Author: Rev. Dr. Mark Holland, Executive Director, Mainstream UMC
On behalf of Mainstream UMC, I just returned from the Philippines to learn, to share, to advocate, and to grow our mission together. General Conference is fast approaching and the United Methodists in the Philippines are working hard to prepare. The three Filipino Bishops, Rudy Juan, Ciriaco Francisco, and Pete Torio hosted a joint gathering of all their delegates to the General Conference on Wednesday, February 12. This was both an orientation to General Conference as well as a briefing on issues they would see. This gathering was a major undertaking considering the vast distances delegates had to travel.
The Methodist church in the Philippines has a long, rich history that stretches back to the Spanish-American war of 1898. This war ended 300 years of Spanish colonial rule, only to be followed by US colonial rule which was interrupted by a cruel 3-year Japanese occupation during World War II. The Philippines became an independent nation on, remarkably, July 4, 1946. In 2016, the United Methodist General Council on Finance and Administration listed the Philippine Central Conference with slightly more church members than the Great Plains Annual Conference, around 225,000. The biggest difference is that they are divided into 3 episcopal areas and 26 annual conferences. Because of the way the General Conference allocates delegates, the Philippines have a robust 52 delegates, one clergy and one lay per annual conference. This makes them a significant voting group coming into Minneapolis.
Nearly all the delegates were present for the orientation and briefing. Surprisingly, all but maybe five of the 52 will be first-time attendees of General Conference. And, because they come from 26 annual conferences spread all over the islands, they do not know one another. This will not be a voting block per se. They certainly have a common culture, but in talking with individual delegates they share a broad spectrum of perspectives on everything from LGBTQ rights to issues of autonomy.
The beginning of the day mostly covered logistical issues of obtaining visas, flights, and housing arrangements. The bishops each spoke about different issues at General Conference from being prepared by doing the reading, to showing up to everything on time, to using their voice and taking leadership. It was good to see the Bishops encouraging the delegates to be bold on behalf of the Filipino Church. Rev. Gary Graves, the Secretary of the General Conference was in attendance as was Sarah Hotchkiss, the Business Manager of the General Conference. They gave an orientation on lots of logistical issues as well. They stayed through the whole event to make themselves available if delegates had further questions. They will be traveling to Africa as well to help with the orientation of delegates there.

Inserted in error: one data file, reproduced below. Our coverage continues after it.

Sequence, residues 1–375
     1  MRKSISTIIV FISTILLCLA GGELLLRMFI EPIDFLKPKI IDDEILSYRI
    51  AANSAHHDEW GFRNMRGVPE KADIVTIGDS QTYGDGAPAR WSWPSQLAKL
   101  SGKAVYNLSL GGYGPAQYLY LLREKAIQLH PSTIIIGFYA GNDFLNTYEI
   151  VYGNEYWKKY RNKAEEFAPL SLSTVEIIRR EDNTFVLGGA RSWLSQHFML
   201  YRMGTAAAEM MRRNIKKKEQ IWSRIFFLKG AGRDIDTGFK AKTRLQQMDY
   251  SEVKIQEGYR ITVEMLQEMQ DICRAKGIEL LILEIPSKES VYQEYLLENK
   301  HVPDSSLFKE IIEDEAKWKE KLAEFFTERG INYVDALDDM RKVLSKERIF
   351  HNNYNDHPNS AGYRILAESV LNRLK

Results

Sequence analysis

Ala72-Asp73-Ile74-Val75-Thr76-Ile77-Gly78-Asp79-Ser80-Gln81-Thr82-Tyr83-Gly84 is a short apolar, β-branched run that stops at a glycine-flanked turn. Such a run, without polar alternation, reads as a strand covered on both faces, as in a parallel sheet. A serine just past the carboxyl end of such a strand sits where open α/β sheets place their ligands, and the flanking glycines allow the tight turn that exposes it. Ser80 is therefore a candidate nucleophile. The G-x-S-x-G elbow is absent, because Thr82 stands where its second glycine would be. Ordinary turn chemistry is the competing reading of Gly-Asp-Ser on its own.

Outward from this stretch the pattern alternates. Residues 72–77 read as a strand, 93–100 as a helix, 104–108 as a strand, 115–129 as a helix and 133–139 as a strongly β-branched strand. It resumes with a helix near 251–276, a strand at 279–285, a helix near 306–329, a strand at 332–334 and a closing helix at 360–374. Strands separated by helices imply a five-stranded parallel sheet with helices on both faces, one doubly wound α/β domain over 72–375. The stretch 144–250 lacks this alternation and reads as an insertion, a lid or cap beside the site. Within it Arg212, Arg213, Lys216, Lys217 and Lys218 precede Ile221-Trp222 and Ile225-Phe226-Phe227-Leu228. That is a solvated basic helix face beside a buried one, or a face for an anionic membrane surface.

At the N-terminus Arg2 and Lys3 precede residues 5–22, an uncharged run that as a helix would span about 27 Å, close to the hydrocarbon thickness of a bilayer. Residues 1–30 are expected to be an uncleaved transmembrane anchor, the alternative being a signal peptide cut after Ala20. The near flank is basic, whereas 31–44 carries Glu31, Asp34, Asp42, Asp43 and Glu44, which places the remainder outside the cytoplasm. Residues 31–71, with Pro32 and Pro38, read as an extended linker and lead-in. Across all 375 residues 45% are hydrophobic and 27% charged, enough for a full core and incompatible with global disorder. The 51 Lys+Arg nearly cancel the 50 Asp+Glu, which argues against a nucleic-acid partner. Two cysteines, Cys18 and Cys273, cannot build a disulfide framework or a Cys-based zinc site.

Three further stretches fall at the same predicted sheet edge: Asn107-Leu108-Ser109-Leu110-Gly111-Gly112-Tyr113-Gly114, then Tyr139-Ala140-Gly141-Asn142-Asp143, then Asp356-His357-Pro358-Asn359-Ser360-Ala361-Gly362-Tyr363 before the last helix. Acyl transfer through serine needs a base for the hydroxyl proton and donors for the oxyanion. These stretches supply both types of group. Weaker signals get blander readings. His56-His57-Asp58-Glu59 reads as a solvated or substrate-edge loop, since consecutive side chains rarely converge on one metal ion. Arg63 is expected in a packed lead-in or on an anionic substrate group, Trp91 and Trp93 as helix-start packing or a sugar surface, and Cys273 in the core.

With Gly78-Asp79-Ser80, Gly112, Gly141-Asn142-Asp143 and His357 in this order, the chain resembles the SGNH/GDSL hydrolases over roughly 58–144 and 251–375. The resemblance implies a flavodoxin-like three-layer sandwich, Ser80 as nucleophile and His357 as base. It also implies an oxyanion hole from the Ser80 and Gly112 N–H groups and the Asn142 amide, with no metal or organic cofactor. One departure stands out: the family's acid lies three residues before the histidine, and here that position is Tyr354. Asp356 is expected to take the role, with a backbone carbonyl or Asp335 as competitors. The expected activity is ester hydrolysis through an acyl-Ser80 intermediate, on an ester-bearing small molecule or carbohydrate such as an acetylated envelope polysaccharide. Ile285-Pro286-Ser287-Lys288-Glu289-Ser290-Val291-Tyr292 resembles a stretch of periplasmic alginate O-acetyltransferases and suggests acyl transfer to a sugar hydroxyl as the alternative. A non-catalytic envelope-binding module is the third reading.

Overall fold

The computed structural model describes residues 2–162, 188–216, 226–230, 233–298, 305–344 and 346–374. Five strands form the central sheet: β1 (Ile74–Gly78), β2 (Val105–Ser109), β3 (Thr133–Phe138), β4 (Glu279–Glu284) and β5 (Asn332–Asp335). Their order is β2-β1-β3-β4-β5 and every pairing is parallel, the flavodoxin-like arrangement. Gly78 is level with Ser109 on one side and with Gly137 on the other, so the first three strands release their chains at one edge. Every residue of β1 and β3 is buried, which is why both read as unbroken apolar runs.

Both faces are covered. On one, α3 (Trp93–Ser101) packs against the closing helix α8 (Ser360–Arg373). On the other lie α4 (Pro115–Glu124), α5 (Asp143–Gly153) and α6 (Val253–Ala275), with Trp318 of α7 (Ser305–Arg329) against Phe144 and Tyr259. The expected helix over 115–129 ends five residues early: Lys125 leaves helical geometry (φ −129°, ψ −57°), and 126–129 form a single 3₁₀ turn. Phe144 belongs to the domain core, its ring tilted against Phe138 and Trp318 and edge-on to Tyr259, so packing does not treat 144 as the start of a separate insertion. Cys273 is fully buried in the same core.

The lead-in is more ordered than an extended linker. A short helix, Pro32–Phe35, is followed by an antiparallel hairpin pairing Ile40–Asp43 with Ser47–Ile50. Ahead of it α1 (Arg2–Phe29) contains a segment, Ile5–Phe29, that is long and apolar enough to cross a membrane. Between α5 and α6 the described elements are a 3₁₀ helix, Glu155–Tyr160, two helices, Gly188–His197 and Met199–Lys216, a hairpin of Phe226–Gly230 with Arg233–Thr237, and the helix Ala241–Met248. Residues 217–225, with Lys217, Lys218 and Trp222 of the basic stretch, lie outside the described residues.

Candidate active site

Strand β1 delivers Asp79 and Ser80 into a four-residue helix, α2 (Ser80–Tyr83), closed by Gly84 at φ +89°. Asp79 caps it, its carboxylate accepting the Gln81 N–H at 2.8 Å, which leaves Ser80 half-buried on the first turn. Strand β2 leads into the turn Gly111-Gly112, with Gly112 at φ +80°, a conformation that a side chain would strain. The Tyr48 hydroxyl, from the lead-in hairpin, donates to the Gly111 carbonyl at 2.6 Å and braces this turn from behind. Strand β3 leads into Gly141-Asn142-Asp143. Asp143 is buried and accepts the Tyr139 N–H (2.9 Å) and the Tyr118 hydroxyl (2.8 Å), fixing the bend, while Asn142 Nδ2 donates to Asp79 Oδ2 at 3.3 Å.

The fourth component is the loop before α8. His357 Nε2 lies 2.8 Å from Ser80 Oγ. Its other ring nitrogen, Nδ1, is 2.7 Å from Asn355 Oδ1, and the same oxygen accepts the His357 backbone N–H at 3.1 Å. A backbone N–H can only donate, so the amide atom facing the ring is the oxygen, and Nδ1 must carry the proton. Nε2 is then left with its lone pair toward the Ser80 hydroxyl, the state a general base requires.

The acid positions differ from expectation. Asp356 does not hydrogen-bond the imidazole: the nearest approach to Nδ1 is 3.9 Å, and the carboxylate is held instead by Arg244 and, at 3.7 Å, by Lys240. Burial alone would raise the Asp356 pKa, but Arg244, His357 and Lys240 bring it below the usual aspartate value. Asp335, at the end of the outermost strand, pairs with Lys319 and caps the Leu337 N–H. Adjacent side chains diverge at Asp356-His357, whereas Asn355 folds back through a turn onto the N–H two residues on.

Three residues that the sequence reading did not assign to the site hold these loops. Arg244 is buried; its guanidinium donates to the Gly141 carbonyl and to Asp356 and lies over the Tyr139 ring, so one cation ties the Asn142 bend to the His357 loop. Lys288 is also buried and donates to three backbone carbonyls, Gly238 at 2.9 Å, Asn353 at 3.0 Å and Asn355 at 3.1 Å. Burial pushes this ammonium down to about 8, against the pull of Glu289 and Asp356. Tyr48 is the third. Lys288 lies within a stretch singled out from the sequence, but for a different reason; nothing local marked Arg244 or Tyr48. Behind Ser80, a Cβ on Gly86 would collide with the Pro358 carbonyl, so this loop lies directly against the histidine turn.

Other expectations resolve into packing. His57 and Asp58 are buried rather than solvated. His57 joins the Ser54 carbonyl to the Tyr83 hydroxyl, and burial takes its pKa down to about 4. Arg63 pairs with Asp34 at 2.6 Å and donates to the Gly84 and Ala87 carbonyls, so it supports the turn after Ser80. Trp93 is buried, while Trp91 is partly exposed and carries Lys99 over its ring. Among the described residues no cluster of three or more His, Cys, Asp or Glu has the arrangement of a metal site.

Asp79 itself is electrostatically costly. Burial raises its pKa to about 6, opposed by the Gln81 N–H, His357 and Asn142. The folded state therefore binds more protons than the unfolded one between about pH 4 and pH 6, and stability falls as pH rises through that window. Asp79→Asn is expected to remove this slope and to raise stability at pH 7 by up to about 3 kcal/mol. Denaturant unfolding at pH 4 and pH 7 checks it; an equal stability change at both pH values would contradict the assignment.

The lunch break was longer than expected because the three Bishops walked over to the Cavite Annual Conference to be present for the vote on the Protocol, which passed. They planned the delegate orientation and briefing on the same site as the Cavite Annual Conference to accommodate Bishop Francisco so he could attend both. Having both events on the same United Methodist grounds proved fortuitous as both the Protocol and the Christmas Covenant were moved forward to General Conference. (There is a link to my post about the Cavite Annual Conference below.)
After lunch, the delegates reconvened, and they invited the guests from the United States to Speak. Karen Prudente, alternate delegate from the New York Annual Conference passed out copies of the Christmas Covenant and discussed it. Rev. Kennetha Bigham-Tsai, the General Secretary of the Connectional Table gave a presentation about the regional conference plan from the Connectional Table and voiced her support for the Christmas Covenant. Bishop Juan informed the delegates that the Cavite Annual Conference had just passed the legislation the day before.
After the Christmas Covenant discussion, I presented on the Protocol. My statement in support of the Protocol is that the passing of the Traditional Plan created a political earthquake in the United States that has threatened to fracture our church irreparably. The delegates in the United States that supported the Traditional Plan lost nearly a quarter of their votes afterwards and are a minority voice in our country. I passed out copies to every delegate of our Mainstream UMC map that show the delegate breakdown by annual conference. I also passed out the map that shows that the annual conferences in the US who reject the Traditional Plan generate 78% of the revenue through apportionments. The Protocol allows this small traditional group to leave without dissolving the global church. The Protocol also allows for the trials to stop which is essential to holding the US church together.
Further, the Protocol is simply a political fix to an intractable argument in the United States. The $27 million is money that will be paid by US churches to other US churches to keep us out of court. The Wesleyan Covenant Association (WCA) has already designed their new denomination and wants out. I was also clear, the post-separation UMC has room for everyone, traditionalists, centrists, and progressives. The idea that all traditionalists are leaving is not accurate. The rest of us want to keep the big tent and connectional church intact to make disciples of Jesus Christ for the transformation of the world.